The first thing by which a website or a blog is judged is the number of followers or people who’ve signed up for updates.
It is an indicator of it’s online popularity.
But, does it have any qualitative implications? Or, are these just numbers?
There are a lot of tips doing the rounds that are supposed to increase the number of your followers.
One common wisdom is to follow as many people as you can and hope that they follow back. If you follow a 100 people, you can atleast hope for 50 follow backs.
Another piece of advice is to like posts on incredibly popular blogs. It is like putting your poster up in a very big party. You hope that someone clicks on your gravatar – reaches your profile on gravatar.com, where you’ve provided the link to your blog – and then finally reaches your blog – reads – follows.
Today, I’m here to challenge that conventional wisdom. Say, you follow a hundred sites. When are you going to find the time to engage with them, read their work and build relations?
So , all you’ll get is a follow and probably, never hear back from the person. What good is that? Where is the quality in that?
One of the few things a blog should look to develop is meaningful dialogue. That happens when you have a close knit community that reads, critique’s your work and stays.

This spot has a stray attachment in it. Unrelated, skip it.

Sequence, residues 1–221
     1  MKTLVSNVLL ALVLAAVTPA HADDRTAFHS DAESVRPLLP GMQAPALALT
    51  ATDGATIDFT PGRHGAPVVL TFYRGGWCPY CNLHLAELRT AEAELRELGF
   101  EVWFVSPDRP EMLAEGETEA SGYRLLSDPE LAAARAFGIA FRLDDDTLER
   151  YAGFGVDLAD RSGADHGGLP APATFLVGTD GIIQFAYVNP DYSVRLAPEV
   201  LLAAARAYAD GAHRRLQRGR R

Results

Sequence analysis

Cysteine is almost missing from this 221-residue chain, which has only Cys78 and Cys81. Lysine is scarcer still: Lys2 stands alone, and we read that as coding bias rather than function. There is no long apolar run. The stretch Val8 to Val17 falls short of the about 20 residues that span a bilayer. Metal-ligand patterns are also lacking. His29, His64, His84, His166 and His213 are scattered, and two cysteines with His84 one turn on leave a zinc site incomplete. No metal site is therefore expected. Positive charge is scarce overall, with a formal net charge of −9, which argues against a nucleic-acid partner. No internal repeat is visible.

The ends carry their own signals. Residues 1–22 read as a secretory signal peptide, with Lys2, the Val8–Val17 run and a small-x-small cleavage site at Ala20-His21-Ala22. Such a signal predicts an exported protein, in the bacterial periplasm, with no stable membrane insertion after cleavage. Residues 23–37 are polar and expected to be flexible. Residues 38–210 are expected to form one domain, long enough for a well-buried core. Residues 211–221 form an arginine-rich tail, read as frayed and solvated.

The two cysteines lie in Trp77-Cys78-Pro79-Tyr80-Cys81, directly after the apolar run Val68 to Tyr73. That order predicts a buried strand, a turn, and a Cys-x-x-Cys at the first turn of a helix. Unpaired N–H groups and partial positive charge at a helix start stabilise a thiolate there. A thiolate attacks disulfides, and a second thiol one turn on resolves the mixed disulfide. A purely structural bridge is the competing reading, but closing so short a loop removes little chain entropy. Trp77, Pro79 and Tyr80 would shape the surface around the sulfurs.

One of the few difficulties I faced with the numbers going on my blog was replying to comments. Taste of a little popularity!
To be honest, my blog has only developed in the last two months.
I was a relatively obscure blogger before that. But, everything’s changed in the last two months. I’m very satisfied with what I have now.
I’d like to believe that I’ve a close knit solid group of bloggers who read and critique my work. I don’t follow a lot of blogs, say about 35 sites. So it is not hard work to read their work.
This is much better than insanely large number of followers and following them too, but not getting the time to read their work.
However having said that, I know that as the articles grow and the writing gets better, the number of followers will, too. I’m committed to ensure that I read those people’s work who I follow.
Just as I like writing blogs, I also enjoy reading blogs – a wide variety of genres. I’ll continue to do so.
So, all I’m saying is that having a large number of followers is okay, but one must also try to build qualitative following. One must build communities.
So, what makes me write about this today? Well, the number of people who follow my blog has reached 100, two days back.
I’m not hugely excited.
Out of these 100 there are a maximum of 15 who are close knit and read my work regularly.
See what I meant about qualitative following?